The International Criminal Tribunal for the former Yugoslavia has found Bosnian Serb military leader Ratko Mladić guilty of genocide for his part in the 1995 massacre at Srebrenica, among other atrocities. Slavenka Drakulić reflects on a photograph from the first days of the Bosnian conflict, and what it tells us about the nature of evil.
A reminder of the Srebrenica genocide
Invocations of ‘never again’ often overlook the recent history of genocide, particularly in Europe, with Srebrenica serving as a case in point. Such histories are increasingly being forgotten, marginalized or politically instrumentalized, but Jasmila Žbanić’s film ‘Quo Vadis, Aida?’ sifts through the contested memories and competing narratives to remind us of war’s devastating human effects.
It took us, the people of the former Yugoslavia, a quarter of a century to re-examine the July 1995 genocide in Srebrenica. The older generation that endured the 1991-1995 wars would rather forget them, while, for those growing up since they ended, these wars are as distant as WWII is for my generation. But they would be mistaken for thinking that the past does not influence their life today. You only need to see just one film, Quo Vadis, Aida? by Jasmila Žbanić, to understand.
Born in 1974, Žbanić is old enough to remember surviving the siege of Sarajevo as a young girl. ‘I was 17 when it started, and at first we didn’t even understand this was war. We were convinced that in Yugoslavia, and especially Bosnia, war could never happen because it was so intermixed’, as she explained in a 2021 Guardian interview.
She was also old enough to experience the shock at the news about the fall of Srebrenica, declared a UN safe area, and subsequent mass murder of some eight thousand unarmed Bosniak men by the Bosnian Serb army and paramilitary.1 Carried out under the orders of general Ratko Mladić, who was later tried and indicted for genocide, crimes against humanity and additional war crimes at the International Criminal Tribunal for former Yugoslavia in The Hague, this atrocity marks one of the central moments of the war in Bosnia and Herzegovina. The atrocity also reflects exactly what the war was about – a struggle for territory and changing borders through ethnic cleansing.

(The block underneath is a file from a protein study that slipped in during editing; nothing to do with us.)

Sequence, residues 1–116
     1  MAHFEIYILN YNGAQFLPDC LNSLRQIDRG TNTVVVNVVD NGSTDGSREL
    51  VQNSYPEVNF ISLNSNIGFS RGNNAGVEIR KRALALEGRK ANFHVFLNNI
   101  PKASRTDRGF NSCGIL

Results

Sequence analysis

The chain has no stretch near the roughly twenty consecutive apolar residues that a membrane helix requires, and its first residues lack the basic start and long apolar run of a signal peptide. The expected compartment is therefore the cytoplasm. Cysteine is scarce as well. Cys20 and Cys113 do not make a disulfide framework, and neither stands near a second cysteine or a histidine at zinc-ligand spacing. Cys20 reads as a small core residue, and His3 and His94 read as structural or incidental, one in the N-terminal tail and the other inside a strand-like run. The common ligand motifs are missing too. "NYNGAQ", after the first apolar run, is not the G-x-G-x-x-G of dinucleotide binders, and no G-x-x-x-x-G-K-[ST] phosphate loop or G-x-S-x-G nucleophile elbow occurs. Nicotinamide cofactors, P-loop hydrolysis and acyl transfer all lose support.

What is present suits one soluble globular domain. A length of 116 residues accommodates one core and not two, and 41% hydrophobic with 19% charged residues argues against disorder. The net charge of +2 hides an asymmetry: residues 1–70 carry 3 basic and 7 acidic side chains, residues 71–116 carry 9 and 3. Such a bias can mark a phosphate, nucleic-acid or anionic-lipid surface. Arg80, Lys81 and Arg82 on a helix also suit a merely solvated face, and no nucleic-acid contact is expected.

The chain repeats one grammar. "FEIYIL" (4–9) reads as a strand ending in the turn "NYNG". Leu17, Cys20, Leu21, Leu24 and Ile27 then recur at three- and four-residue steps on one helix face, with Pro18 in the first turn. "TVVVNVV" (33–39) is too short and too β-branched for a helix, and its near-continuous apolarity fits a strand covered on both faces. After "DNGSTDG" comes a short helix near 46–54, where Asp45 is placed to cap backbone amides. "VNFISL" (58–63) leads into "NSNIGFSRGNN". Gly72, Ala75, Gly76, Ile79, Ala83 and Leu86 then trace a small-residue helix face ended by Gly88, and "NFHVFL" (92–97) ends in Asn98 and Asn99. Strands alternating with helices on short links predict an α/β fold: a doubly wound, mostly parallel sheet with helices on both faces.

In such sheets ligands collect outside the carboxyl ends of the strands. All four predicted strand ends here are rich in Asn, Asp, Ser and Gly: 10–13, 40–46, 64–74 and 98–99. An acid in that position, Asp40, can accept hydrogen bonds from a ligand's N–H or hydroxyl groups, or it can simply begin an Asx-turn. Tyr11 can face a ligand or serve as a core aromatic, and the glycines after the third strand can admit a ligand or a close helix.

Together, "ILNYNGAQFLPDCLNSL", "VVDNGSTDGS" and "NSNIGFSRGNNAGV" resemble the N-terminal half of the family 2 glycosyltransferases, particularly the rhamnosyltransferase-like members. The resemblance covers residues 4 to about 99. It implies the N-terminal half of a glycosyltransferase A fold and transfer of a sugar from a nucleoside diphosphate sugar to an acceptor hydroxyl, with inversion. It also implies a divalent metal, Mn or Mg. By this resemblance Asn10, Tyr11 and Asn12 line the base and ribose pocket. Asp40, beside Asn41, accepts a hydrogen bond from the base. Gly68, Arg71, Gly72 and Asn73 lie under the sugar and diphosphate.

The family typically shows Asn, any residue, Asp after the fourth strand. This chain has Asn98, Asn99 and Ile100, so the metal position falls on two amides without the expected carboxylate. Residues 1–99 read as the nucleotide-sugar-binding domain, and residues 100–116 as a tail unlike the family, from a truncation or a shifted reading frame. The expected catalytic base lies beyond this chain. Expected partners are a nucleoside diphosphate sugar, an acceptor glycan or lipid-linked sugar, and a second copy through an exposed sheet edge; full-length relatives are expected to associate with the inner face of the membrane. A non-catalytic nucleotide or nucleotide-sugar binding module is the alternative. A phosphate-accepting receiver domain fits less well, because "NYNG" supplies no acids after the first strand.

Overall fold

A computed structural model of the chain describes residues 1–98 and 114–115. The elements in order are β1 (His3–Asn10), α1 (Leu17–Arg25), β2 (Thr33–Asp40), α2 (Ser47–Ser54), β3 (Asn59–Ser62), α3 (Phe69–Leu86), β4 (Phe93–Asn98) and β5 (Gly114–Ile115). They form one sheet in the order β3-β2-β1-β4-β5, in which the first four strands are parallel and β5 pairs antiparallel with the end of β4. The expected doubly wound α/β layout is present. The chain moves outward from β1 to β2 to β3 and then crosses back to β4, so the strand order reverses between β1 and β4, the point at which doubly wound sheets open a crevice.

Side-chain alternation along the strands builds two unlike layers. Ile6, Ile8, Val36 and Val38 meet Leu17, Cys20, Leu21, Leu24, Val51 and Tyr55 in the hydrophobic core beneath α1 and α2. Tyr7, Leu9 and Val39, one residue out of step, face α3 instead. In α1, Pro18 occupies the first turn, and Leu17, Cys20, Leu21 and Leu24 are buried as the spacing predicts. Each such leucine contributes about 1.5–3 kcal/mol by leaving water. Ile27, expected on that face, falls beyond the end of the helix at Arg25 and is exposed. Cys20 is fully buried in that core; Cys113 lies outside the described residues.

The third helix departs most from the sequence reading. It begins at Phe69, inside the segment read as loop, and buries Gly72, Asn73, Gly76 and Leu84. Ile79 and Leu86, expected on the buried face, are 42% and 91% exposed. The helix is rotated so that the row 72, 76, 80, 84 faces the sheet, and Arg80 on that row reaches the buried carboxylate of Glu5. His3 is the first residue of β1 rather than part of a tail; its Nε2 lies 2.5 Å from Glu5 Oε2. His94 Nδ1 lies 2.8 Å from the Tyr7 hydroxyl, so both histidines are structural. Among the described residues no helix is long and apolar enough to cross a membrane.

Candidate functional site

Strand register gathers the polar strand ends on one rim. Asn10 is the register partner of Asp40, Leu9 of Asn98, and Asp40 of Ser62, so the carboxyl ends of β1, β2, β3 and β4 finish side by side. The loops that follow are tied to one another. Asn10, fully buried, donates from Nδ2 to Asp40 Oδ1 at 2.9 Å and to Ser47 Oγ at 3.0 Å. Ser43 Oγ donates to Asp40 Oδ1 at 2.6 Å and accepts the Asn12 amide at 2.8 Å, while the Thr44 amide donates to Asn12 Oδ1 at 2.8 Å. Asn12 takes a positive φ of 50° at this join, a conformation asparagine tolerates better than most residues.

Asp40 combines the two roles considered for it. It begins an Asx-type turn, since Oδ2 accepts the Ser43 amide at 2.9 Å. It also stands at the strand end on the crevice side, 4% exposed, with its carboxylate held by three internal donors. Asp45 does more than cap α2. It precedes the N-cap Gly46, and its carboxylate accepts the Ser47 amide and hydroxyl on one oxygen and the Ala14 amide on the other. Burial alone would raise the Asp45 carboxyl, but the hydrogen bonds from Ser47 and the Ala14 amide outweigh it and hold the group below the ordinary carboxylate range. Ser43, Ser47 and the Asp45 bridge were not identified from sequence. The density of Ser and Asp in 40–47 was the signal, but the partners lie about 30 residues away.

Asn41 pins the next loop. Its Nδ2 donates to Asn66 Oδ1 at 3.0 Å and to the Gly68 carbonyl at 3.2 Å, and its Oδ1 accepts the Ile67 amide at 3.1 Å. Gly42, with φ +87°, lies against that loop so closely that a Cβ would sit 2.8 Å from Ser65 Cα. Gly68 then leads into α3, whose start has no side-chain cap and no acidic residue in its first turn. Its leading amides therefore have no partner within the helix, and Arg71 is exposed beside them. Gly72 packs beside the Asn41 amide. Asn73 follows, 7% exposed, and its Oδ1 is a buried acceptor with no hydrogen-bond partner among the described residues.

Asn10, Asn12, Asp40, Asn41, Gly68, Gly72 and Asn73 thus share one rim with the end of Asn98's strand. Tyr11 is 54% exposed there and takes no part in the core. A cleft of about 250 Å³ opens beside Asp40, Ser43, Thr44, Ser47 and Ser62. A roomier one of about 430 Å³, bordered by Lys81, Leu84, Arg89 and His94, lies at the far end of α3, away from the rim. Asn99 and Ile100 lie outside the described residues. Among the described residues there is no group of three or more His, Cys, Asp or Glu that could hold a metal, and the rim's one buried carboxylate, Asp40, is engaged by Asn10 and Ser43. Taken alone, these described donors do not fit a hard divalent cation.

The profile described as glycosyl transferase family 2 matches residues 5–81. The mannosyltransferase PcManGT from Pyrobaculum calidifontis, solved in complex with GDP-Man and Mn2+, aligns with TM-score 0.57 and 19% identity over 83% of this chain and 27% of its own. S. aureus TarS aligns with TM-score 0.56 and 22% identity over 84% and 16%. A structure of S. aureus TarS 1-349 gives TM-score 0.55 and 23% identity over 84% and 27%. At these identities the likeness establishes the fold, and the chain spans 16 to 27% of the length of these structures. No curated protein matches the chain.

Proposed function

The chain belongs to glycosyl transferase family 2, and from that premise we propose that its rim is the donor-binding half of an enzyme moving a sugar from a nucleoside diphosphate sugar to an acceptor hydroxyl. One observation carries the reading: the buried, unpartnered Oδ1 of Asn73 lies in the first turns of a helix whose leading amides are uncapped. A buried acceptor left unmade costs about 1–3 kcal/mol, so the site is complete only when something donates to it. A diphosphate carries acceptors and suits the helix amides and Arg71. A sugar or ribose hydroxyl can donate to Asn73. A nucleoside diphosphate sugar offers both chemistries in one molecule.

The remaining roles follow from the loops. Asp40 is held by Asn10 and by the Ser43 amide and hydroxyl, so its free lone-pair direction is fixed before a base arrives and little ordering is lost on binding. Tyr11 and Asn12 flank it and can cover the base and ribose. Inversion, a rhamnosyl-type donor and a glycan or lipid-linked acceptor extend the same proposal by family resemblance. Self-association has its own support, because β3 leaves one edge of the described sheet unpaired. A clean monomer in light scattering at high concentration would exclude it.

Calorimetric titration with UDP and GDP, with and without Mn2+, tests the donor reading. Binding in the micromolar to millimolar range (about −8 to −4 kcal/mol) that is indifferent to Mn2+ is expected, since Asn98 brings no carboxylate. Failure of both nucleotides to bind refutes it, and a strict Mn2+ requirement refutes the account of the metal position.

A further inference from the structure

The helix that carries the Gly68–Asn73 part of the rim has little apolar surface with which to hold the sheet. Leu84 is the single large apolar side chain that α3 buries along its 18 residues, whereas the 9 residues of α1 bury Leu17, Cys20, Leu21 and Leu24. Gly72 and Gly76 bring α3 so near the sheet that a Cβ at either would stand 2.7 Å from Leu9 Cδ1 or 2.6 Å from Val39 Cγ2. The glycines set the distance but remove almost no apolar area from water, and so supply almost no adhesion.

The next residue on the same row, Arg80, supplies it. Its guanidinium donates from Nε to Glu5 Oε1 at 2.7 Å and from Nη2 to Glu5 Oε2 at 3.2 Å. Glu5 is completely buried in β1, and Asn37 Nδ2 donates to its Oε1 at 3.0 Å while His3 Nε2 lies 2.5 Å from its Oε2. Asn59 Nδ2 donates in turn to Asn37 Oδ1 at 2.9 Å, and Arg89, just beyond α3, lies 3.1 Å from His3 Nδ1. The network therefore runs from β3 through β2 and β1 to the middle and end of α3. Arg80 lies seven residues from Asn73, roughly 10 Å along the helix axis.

Confronting the past is not easy and nobody wants to do it unless there are forced to by programmatic decisions which impact all of society through education in history, politics and law. Indeed, when dealing with such traumas and their legacies in society, it is hard for people to really understand them, harder still to identify with them. Perhaps art offers a possible pathway, but it takes real talent to make it happen. Such an artist needs not only talent, but also the clarity of vision and personal bravery, not least because the entire region remains reluctant, if not directly opposed to confronting the past in search of truth. In spite of the official speeches with reconciliatory phrases, reconciliation itself exists, at least politically, in name only.
Successive post-war governments have invoked the memories of war to awaken nationalism in order to scapegoat others for their own failures, particularly during local elections or in times of domestic troubles. And because a profound reconciliation is unlikely to occur if it is not a part of a political programme, calls for reconciliation serve as a smokescreen, a fig leaf for the international community. In the meantime, locals in many communities are forced to live side by side with their former torturers, with neither hope for justice nor help in dealing with their pain.